February 3, 1852 : An excerpt from Henry David Thoreau's Journal
The landscape covered with snow, seen by moonlight from these Cliffs, encased in snowy armor two feet thick, gleaming in the moon and of spotless white. Who can believe that this is the habitable globe? The scenery is wholly arctic. Fair Haven Pond is a Baffin’s Bay. Man must have ascertained the limits of the winter before he ventured to withstand it and not migrate with the birds. No cultivated field, no house, no candle. All is as dreary as the shores of the Frozen Ocean. I can tell where there is wood and where open land for many miles in the horizon by the darkness of the former and whiteness of the latter. The trees, especially the young oaks covered with leaves, stand out distinctly in this bright light from contrast with the snow. It looks as if the snow and ice of the arctic world, traveling like a glacier, had crept down southward and overwhelmed and buried New England. And see if a man can think his summer thoughts now. But the evening star is preparing to set, and I will return. Floundering through snow, sometimes up to my middle.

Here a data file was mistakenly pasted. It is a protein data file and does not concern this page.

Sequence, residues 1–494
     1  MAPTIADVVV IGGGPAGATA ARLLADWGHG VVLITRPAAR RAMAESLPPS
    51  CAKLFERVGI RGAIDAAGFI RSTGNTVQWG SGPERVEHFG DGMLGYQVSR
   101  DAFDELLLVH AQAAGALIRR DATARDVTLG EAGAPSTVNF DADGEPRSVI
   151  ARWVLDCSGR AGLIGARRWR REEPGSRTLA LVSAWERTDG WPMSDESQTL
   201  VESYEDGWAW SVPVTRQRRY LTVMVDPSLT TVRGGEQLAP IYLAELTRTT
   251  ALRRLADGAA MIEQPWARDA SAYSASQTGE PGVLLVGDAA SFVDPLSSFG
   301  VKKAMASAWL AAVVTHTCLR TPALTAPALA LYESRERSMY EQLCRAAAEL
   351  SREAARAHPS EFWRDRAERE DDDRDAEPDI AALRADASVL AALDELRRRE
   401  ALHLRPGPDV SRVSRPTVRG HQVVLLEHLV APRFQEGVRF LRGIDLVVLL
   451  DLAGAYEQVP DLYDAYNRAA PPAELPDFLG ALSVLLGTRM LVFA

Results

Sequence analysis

He makes it sound so poetic and peaceful, almost makes winter sound inviting. Winter is hardly that attractive here in Chicago. The snow is instead covered in the grit and grime of salt trucks and city streets, sidewalks are filled with frozen patches created by melting icicles and the wind whips furiously around corners taking you by surprise.
42 days until Spring starts. I'm counting down.